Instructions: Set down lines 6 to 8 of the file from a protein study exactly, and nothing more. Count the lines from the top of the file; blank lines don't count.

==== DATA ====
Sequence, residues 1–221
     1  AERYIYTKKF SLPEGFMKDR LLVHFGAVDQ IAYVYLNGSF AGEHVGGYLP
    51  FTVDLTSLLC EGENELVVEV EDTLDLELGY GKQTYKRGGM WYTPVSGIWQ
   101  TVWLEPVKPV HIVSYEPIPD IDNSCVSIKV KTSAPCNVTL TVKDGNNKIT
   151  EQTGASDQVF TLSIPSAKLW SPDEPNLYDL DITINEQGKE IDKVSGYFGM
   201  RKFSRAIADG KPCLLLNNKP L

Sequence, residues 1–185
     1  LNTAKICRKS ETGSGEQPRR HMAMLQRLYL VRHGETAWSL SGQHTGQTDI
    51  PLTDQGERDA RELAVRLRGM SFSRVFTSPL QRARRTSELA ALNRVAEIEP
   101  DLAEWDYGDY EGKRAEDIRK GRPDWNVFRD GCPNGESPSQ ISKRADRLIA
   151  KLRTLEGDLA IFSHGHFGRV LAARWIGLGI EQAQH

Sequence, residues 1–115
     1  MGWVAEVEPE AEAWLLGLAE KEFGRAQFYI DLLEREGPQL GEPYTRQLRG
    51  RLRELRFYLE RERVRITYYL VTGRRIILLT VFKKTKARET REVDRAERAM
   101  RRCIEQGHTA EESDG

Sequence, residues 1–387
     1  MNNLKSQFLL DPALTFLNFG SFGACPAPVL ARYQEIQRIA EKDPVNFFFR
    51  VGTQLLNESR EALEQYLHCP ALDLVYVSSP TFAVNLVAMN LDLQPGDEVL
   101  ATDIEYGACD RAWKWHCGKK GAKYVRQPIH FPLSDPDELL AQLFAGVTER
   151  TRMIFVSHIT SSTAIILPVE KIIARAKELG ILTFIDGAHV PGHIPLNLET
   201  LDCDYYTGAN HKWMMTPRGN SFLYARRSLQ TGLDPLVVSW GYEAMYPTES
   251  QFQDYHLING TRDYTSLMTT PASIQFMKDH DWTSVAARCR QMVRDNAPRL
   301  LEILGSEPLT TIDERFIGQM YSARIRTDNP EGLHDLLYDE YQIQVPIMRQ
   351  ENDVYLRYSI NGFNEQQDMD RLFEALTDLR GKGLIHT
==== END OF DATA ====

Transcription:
   201  RKFSRAIADG KPCLLLNNKP L

Sequence, residues 1–185
     1  LNTAKICRKS ETGSGEQPRR HMAMLQRLYL VRHGETAWSL SGQHTGQTDI